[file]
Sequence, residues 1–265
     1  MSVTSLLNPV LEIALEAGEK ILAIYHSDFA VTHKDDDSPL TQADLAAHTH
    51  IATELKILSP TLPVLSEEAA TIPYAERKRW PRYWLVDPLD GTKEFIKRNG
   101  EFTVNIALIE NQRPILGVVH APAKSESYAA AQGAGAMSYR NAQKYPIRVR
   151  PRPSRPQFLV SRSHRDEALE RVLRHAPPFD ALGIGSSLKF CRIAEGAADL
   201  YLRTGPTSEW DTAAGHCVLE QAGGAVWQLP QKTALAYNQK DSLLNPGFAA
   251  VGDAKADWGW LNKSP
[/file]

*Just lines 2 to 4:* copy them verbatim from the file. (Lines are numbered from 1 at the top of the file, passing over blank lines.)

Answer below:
     1  MSVTSLLNPV LEIALEAGEK ILAIYHSDFA VTHKDDDSPL TQADLAAHTH
    51  IATELKILSP TLPVLSEEAA TIPYAERKRW PRYWLVDPLD GTKEFIKRNG
   101  EFTVNIALIE NQRPILGVVH APAKSESYAA AQGAGAMSYR NAQKYPIRVR